It was an amazing New York trip. I'd like to thank my New Orleans connection for the free accommodations and general hostess-ness.

From losing a piece of my molar on a delicious bagel to having the best fried chicken a Korean restaurant could ever produce, I had a great time. Oh, wait - I went there to snag an agent or at least learn a few things.

What did I learn and in the order I learned them?
1. NY cab drivers can navigate within an atom's length of other cars as well as pedestrian's knees.
2. There's a slight price difference in food.
3. The hotel doormen are trained by Navy Seals.
4. The Backspace agents were informative, brutal, nice, sincere and brutal.
5. I needed brutality.
6. The most well-hidden restaurants are the most crowded.
7. Don't walk slow.
8. Don't sleep on an air mattress with a leak.
9. With a hangover.
10. The fellow writers at the conference are the best (you know who you are).
11. All Indian food is not hot nor gives you the runs (Whew).
12. Bagels can crack teeth (it wasn't the bagel's fault).
13. There are black squirrels - yes, there are.
14. Baby's can projectile vomit (but missed me - whew).
15. It was all worth it.

I plan to fix some things and query my other projects to a few of the agents I met and I will let my many readers know who said what and was the most brutal.

Thursday, July 15, 2010

Coming Back Stronger by Drew Brees

I just read Coming Back Stronger by Drew Brees, quarterback of the New Orleans Saints. It might appear that I’m a bit biased since I am a die-hard Saints fan, but in reality, it makes me a tougher critic because I would be very disheartened by a lack-luster attempt at an autobiography.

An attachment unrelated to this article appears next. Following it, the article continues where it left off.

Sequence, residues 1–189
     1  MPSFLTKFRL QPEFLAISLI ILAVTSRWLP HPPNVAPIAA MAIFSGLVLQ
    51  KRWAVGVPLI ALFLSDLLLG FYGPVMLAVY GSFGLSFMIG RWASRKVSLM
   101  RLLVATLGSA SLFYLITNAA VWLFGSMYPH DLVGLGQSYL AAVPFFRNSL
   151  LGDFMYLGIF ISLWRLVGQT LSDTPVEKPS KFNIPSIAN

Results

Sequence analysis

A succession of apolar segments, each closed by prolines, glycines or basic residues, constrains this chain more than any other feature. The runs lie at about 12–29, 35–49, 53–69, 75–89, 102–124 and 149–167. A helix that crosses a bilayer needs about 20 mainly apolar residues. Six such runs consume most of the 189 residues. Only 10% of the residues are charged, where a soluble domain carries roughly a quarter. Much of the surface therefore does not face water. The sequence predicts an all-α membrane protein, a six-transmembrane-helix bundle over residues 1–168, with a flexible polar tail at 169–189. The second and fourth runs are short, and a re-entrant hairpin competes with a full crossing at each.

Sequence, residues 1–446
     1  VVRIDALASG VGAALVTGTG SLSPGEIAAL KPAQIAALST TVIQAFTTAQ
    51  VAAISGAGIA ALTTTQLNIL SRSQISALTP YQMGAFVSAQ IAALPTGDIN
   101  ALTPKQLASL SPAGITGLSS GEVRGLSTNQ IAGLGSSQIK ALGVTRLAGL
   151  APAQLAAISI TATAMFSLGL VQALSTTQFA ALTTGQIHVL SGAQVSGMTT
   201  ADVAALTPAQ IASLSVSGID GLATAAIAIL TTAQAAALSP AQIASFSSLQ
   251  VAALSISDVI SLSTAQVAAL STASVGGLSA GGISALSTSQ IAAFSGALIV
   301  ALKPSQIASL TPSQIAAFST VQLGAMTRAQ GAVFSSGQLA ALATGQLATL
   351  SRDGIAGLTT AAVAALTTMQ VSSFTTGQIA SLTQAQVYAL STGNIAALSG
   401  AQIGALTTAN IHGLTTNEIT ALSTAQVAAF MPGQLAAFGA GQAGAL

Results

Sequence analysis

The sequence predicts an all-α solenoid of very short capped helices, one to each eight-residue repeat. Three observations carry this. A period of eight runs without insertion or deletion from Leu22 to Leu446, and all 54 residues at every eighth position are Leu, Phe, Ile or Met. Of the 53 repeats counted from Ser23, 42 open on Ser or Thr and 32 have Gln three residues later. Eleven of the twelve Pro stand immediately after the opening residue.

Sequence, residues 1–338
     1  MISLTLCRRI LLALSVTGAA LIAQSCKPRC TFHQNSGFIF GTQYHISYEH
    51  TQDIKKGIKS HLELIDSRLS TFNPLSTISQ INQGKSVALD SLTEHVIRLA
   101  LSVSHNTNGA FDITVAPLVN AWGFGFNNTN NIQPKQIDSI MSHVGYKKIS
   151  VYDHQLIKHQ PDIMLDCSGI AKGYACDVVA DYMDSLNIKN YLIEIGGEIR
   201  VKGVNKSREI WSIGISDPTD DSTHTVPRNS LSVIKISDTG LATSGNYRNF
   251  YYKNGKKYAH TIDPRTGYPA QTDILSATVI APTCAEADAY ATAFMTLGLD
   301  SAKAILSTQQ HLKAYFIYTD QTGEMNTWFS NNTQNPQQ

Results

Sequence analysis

By age thirteen, I proclaimed myself an atheist, then a few years later agnostic, but now, I’m back to atheism. I had always told my friends that if God is who they say, then he/she won’t mind as long as I live a good and moral life. If there is a God, he/she will tell me, ‘hell, you lived at a higher standard than those who chose to represent me.’

Drew Brees is very devoted to God and it is reinforced throughout the book and that is not an issue with me. It’s perfect for New Orleans as most of its residents were raised Catlick. Religion is an argument that you cannot win, but can only respect. What Brees triumphed over is an inspiration in itself, but there were certain parts of the book when he talked about New Orleans and the people and the detestation that I had to stop reading because of my tears.